Ming Dynasty Exhibit, Plus An Evening in the CWE

Friday night, Jen, Kim, Kate and I went down to the St. Louis Art Museum to take in the Ming Dynasty Exhibit. The exhibition had been running for a while and was nearing its end, and with Fridays bringing free admittance, we figured it was perfect timing. Unfortunately, we weren’t allowed to take pictures, so allow me to describe the evening the old fashioned way. We got up there around 5:45 or so and were able to walk right in. Crowds came out later in the evening, so this is a great time to visit. Strangely, there weren’t many Asians visiting the Asian art exhibit. Either they aren’t that interested, or they didn’t procrastinate until the very end like SOME people.

The exhibition was huge and diverse: scrolls, paintings, sculpture, textiles, tools, ceramics, and even architectural ornaments were all included. When you take into account the idea that these things are all al least 400 years old, just the fact that they were preserved in such exquisite condition is amazing enough. The colors of many of the scrolls are just as vivid as they must have been on day one. My favorite piece was a 30-foot scroll that depicted the emperor playing sports on the fields of the castle. Turns out, the Chinese played golf back in the day… who knew? Jen was a big fan of the jewelry. The amazing craftsmanship and intricacy of the pieces was breathtaking and the purity of the gold made for blinding bling. The porcelain pieces were really nice as well.

After the exhibit, we went to Llywellyn’s in the Central West End for dinner because it was a beautiful night and we wanted to sit outside. We scored a nice table on the sidewalk, and with the exception of a karaoke DJ thinking it’s OK to get the party started with “Tears In Heaven”, the night was perfect. The food there was good and a couple beers went a long way towards putting my mind at ease. Afterwards, we went to Left Bank Books to support local booksellers and visit Spike the Cat. Then, while I was dropping our purchases off at the car, Jen and the girls enjoyed the various street performers. The best was the fire twirling girls:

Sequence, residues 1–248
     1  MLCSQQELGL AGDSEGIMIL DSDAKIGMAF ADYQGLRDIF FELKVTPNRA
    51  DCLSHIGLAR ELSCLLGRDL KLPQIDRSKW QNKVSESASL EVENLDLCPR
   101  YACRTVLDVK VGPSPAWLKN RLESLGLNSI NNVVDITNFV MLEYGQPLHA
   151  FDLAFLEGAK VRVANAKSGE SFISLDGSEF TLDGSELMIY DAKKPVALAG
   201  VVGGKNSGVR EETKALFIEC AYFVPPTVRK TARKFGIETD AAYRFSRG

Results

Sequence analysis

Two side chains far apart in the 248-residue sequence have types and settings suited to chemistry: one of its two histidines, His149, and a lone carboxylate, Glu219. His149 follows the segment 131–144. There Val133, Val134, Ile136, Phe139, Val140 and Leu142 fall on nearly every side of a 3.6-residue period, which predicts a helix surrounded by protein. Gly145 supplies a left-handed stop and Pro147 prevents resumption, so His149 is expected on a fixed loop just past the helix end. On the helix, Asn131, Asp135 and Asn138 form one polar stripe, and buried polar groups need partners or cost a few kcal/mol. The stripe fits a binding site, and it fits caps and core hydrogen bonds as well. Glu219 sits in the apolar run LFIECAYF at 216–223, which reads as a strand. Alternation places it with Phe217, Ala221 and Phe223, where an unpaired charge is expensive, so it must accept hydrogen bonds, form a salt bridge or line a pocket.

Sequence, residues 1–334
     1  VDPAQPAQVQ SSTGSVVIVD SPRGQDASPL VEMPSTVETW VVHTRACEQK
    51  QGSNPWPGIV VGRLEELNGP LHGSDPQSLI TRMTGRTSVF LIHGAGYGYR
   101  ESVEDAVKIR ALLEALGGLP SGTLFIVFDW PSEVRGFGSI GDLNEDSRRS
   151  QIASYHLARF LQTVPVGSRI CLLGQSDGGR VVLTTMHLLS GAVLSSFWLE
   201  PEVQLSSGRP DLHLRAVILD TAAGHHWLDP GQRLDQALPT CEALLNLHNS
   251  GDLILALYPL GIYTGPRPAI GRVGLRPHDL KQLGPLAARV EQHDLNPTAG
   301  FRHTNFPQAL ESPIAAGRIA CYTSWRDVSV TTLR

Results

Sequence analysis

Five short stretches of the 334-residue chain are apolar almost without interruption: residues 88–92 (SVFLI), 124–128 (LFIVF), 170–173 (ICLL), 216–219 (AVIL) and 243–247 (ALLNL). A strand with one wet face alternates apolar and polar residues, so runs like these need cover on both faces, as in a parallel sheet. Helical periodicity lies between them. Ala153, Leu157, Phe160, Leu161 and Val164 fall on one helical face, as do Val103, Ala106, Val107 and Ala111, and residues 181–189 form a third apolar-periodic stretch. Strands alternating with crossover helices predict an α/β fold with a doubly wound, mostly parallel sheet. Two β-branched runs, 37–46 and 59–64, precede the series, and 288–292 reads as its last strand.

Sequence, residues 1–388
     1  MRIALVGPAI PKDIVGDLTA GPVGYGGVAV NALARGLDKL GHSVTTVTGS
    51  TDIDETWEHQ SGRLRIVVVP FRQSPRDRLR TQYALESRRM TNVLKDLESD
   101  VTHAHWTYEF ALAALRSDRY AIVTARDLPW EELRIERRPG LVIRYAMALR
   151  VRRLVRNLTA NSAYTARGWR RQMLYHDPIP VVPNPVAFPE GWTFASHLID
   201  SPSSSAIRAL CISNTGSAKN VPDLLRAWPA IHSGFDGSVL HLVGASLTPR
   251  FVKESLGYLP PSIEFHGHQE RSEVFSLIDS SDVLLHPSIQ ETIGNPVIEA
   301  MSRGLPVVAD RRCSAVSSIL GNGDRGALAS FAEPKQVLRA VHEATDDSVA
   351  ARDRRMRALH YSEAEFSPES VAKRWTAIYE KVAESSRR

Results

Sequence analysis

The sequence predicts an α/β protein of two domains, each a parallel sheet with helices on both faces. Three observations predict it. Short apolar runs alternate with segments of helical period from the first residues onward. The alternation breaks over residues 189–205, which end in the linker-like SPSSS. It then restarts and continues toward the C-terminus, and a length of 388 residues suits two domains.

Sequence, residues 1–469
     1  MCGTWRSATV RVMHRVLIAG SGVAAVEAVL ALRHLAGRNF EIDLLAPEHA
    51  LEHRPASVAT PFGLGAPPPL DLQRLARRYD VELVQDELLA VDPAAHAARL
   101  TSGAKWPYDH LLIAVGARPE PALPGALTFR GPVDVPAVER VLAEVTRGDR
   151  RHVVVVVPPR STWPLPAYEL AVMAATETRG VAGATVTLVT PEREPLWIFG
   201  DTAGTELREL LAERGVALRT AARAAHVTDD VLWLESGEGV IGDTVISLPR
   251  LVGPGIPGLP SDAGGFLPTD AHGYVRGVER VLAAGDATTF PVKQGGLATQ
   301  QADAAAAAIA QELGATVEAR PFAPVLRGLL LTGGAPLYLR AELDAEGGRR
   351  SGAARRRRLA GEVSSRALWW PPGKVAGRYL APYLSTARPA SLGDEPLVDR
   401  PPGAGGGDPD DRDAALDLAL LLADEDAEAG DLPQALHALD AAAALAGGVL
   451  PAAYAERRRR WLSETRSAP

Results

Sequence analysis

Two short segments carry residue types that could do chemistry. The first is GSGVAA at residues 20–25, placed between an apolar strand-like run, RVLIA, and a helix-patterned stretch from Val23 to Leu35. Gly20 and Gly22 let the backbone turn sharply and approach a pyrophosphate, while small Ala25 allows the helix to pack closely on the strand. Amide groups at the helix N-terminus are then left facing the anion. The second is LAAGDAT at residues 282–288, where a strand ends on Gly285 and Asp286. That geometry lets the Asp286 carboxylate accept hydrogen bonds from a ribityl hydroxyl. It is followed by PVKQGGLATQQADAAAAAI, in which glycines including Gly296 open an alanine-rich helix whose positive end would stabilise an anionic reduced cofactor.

Fire Twirler

With it still being a beautiful evening, we strolled down Euclid to the gelato joint next to Culpepper’s. I had half chocolate, half coconut. It tasted like a Mounds bar. I could have added Almond, but I wasn’t feeling like a nut. All in all, a good time and a great night to be outside.

Action/Abstraction at St. Louis Art Museum

Catching up on an event that happened a while back…

On December 26th, Jen, Kate, Katie, Kim, Cousin Drew, Kenny, Krissy, Alex, his friend Mikey, and I all went down to see Action/Abstraction: Pollock, de Kooning, and American Art, 1940-1976, an exhibition at the St. Louis Art Museum. I was really excited to see the Pollocks up close, and while I was a little disappointed to see that there were only two on display, the ones they had were really great. I’m not a big de Kooning fan, but there were also some other artworks that were really nice, especially a large Rothko.

Perhaps the painting that generated the most discussion was Peter Saul’s Icebox #3, which is filled entirely with penises, some obvious, some more deviously subliminal.

After the exhibition, the party moved to Schlafly Tap Room where they were celebrating their 17th birthday party by selling beer at 1991 prices: $2.95 / pint. Nice. We ate and drank there for a couple hours (there was a wait for a table of ten, plus somewhat leisurely service) but the atmosphere was great and everyone had a good time.

I don’t do New Year’s Resolutions, but there is no reason in the world why we shouldn’t go to the Art Museum more often. Plus, there are so many great artworks there to see:

5. These 10 signature artworks from our beloved Saint Louis Art Museum (not all of which are on view at all times): the Egyptian Mummy Mask, the Buddhist deity Guanyin, Liu Cai’s 8-foot-long hand-scroll Fish Swimming Amid Falling Flowers, George Caleb Bingham’s The Verdict of the People, Vincent van Gogh’s Stairway at Auvers, Henri Matisse’s Bathers With a Turtle, Max Beckmann’s Christ and the Woman Taken in Adultery, Claude Monet’s Water Lilies, Jackson Pollock’s Number 3, 1950 and Gerhard Richter’s Betty.